German Occupation

Tunisia was the only North African country to come under Nazi Germany’s occupation from November 1942 to May 1943. The Nazis began persecuting Jews in Tunisia as early as two weeks after their invasion, arresting leaders of the Jewish community.[8] These antisemitic actions were amplified by round-ups, raids, starvation, wartime violence, and racially discriminatory laws.

Alongside the Vichy French collaborators and their Italian Fascist allies, the Nazis also imposed many antisemitic policies in Tunisia that controlled the movement of Jews. Among other measures, thousands of Jews in the country were forced to wear yellow stars and the Comité de Recrutement de la Main-d’Oeuvre Juive supplied forced laborers. While the Nazis were prepared to implement the systematic murder of the Jews of Tunisia, with the presence of the Einsatzkommando (a sub-group of mobile Nazi killing units) led by the SS commander Walter Rauff, time constraints, lack of resources, and the evolution of the war limited their plan of persecution. The discriminatory measures introduced by Vichy nevertheless secured the slippery slope from which the German occupation worsened conditions.[9]

In total, approximately 5,000 Jewish men were sent to forced labor and internment camps in Tunisia.[10] To this number must be added the many women, men, and children who suffered from the occupation’s difficult conditions, harassment, physical and sexual violence, arrests, internments, and pillaging. [11] This is the case of Gilbert-Mardochée Mazouz, who at the age of 19 was killed by a German soldier on his way to the Cheylus camp, near Tunis. [12] Cases of Tunisian Jews who moved to Europe before the war and were deported to Nazi concentration camps and killing centers should also be considered. Messaoud Hai Victor Perez, a Tunisian boxer who was detained in the Drancy internment camp and deported to Auschwitz, was one of them. Forced by the SS to participate in several boxing matches in Auschwitz, he was later killed during a death march on January 21, 1945, after trying to share bread with his fellow inmates. [13]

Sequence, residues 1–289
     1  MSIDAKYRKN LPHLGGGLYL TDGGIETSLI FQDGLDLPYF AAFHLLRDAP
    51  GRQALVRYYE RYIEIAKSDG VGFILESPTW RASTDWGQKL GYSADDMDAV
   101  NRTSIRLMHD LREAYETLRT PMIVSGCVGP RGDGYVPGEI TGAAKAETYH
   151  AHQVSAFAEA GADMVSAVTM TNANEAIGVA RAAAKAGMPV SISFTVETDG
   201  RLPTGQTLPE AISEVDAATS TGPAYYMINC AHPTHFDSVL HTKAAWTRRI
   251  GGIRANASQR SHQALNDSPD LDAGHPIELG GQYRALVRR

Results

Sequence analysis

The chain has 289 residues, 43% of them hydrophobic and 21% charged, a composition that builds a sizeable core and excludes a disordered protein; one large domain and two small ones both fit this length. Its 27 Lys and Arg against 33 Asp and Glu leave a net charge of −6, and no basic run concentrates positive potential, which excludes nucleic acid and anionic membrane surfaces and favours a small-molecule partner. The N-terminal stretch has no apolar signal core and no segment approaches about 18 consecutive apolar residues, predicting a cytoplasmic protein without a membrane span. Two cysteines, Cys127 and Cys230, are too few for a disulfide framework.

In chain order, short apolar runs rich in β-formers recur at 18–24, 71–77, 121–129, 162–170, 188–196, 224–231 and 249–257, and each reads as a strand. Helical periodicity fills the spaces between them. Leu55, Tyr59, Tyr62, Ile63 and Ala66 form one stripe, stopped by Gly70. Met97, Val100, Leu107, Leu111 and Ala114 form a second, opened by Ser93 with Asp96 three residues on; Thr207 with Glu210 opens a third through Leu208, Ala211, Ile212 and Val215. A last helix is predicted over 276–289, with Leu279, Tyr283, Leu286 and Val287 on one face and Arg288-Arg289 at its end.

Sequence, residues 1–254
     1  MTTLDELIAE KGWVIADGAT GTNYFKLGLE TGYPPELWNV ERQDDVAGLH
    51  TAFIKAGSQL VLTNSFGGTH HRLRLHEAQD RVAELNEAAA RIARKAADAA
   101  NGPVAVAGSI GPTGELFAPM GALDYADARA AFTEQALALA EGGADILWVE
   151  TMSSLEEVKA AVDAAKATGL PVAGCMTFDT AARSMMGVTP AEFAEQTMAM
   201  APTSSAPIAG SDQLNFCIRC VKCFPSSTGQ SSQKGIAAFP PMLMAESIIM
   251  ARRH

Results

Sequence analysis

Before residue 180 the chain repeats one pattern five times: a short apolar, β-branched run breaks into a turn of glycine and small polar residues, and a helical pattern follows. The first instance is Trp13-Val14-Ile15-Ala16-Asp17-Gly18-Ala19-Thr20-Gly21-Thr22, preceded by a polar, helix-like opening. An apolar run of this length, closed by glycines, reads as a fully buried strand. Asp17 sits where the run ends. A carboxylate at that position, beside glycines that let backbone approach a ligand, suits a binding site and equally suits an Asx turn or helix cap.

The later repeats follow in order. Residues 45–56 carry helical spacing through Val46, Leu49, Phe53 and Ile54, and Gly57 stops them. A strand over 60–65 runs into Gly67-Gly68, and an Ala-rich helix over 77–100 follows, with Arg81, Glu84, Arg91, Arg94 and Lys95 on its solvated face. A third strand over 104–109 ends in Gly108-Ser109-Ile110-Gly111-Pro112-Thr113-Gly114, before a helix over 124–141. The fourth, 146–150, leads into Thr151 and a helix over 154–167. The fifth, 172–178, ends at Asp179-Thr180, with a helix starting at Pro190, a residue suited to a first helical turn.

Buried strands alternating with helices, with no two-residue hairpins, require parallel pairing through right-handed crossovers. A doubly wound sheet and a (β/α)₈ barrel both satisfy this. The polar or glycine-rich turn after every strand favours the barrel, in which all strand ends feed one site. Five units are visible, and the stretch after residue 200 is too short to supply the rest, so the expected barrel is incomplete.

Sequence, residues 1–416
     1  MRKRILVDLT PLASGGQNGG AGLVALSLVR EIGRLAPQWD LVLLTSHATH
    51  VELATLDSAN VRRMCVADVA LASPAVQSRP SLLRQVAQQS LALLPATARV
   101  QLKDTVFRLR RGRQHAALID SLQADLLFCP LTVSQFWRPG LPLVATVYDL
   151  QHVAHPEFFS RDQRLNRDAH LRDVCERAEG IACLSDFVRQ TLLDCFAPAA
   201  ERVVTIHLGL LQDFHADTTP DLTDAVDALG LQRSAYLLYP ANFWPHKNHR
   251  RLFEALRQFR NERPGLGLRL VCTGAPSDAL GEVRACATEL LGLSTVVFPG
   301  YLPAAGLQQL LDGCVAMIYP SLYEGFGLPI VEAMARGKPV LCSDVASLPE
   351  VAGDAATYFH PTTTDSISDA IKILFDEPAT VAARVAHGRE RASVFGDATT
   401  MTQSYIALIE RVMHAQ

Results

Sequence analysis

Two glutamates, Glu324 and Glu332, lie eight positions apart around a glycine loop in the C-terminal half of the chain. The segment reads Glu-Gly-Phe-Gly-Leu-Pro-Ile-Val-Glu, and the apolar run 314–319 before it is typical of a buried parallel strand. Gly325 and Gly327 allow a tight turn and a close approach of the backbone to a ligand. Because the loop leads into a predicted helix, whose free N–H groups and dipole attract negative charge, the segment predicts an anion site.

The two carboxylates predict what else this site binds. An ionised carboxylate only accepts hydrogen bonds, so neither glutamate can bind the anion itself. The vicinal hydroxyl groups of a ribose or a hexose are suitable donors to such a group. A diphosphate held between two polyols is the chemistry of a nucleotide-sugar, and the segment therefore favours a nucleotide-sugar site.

The Tunisian campaign and the capture of Tunisia by the Allied forces in May 1943 led the Axis forces to surrender. Although Tunisia was freed from Germany and its Axis forces, the country was still under French colonial rule. Under the command of the Free French High Commissioner General Henri Giraud, the antisemitic legislation of the Vichy regime was maintained until 1944. Many of the Vichy camps, including the forced labor camps in the Sahara, continued to operate, sometimes with the same wartime overseers in place.[14]  Various prisoners were imprisoned in these camps, including Tunisian Jews and Muslims, European refugees, anti-colonial activists, as well as conscripts from West and North Africa.[15]

Commemorative plaque in memory of Young Perez, a famous Jewish boxer from Tunisia,
at the Borgel cemetery in Tunis. He survived Auschwitz but was shot